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Words that Wound: The worst fairy-tale you can tell your kids

Let’s say your child speaks nastily. You then try to teach Junior to be kind, and you say, “When you say that, it makes me sad/angry/feel bad.”  That sounds simple enough, and it would be considered a “successful” behavior/emotion management strategy if Junior “gets” your point and refrains from making further noxious statements.

But here’s how the whole thing can backfire.  The statement, “When you say that, it makes me sad/angry/feel bad,” is inherently irrational.  Objectively speaking, the words of another person simply do not dictate your emotions, unless you allow them to.  If you tell your child, “When you say that, it makes me sad/angry/feel bad,” you grant your child extraordinary power over your emotions, and you essentially allow yourself to become an emotional puppet controlled by your child.  Of course, that was not your intention, but in using phrases like, “When you say that, it makes me sad/angry/feel bad” you also inadvertently give your child a subtle, dangerous, and irrational message that the words of other people can hurt him.  Of course, you want Junior to be kind to others, but don’t you also want Junior to be strong and resilient in response to the unkind words of others?  If an aggressive peer on the school playground says to your child, “I don’t like you, I think you’re ugly,” do you want your child to feel “wounded” and “share” with the aggressive peer his vulnerability by emoting, “When you say that, it makes me sad/angry/feel bad”?  Or, would you prefer that your child say something like, “Too bad for you, I love myself, and now I’m going to go play without you” as he proudly and confidently strides off to play elsewhere?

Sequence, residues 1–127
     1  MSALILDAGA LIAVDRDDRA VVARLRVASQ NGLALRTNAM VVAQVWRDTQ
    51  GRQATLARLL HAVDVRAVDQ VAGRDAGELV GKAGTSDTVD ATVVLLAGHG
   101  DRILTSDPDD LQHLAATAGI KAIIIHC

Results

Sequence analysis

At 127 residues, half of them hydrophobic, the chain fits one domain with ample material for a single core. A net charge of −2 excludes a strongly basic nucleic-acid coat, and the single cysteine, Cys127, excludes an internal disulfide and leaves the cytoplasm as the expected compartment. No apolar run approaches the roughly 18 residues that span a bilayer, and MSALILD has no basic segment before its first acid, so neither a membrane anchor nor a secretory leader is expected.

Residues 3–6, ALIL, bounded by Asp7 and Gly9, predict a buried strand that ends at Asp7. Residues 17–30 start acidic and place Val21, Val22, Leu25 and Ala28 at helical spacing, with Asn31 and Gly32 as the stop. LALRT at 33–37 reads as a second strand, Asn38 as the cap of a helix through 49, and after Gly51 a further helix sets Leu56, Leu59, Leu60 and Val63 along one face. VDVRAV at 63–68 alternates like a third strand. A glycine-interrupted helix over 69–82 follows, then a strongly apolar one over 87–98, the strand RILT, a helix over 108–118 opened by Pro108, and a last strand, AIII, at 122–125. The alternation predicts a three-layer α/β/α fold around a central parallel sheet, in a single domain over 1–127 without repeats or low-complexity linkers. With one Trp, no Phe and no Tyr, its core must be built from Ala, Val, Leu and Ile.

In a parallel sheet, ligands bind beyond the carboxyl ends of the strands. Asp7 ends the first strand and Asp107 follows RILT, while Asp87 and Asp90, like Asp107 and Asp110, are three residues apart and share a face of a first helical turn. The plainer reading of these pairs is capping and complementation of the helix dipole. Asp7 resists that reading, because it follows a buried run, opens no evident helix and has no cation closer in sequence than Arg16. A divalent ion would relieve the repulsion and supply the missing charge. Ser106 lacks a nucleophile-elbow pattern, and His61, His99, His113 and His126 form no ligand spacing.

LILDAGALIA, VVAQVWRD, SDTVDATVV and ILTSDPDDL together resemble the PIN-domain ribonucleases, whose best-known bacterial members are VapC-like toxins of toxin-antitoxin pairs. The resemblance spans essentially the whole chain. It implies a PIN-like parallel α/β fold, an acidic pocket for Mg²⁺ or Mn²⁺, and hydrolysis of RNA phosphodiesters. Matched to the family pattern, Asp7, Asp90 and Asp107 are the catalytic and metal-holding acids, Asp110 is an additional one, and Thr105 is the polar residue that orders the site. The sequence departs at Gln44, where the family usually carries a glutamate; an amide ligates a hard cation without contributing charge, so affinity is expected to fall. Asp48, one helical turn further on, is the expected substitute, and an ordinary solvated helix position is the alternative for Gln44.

As a society, we have become obsessed with taking “offense” at the words of others. There are lawsuits filed (and won!) due to use of “offensive” words. Of course, we recognize that freedom of speech is not without limits and that there is a great value to protecting people from truly menacing and threatening rhetoric, but there is also a great value that must be ascribed to helping children become emotionally resilient.  That can be achieved by teaching your child that vicious or ignorant words spoken by a peer indicate that the peer has a problem.  Maybe the other child who spoke with ill-temper is feeling cranky, unhappy, or unkind.  But that is not your child’s problem. Vicious words that are cast at your child by a peer provide an opportunity for you to teach your child that “self-esteem” and “self-respect” come from the “self,” not others. This is a great opportunity to help your child examine the question, “Why do I want to play with someone, who doesn’t want to play with me?” And, it is also a great opportunity to teach your child that playing alone can be just as much fun as playing with another child or group of children.

Resilience is one of the greatest gifts “Maximum Strength Parents” can give/teach to their children, and resilience requires strength, restraint, self-esteem, maturity, and self-confidence.  It is never too early to get started on that journey. If, instead, you want to teach your child that “words wound,” then your child will indeed be wounded by words.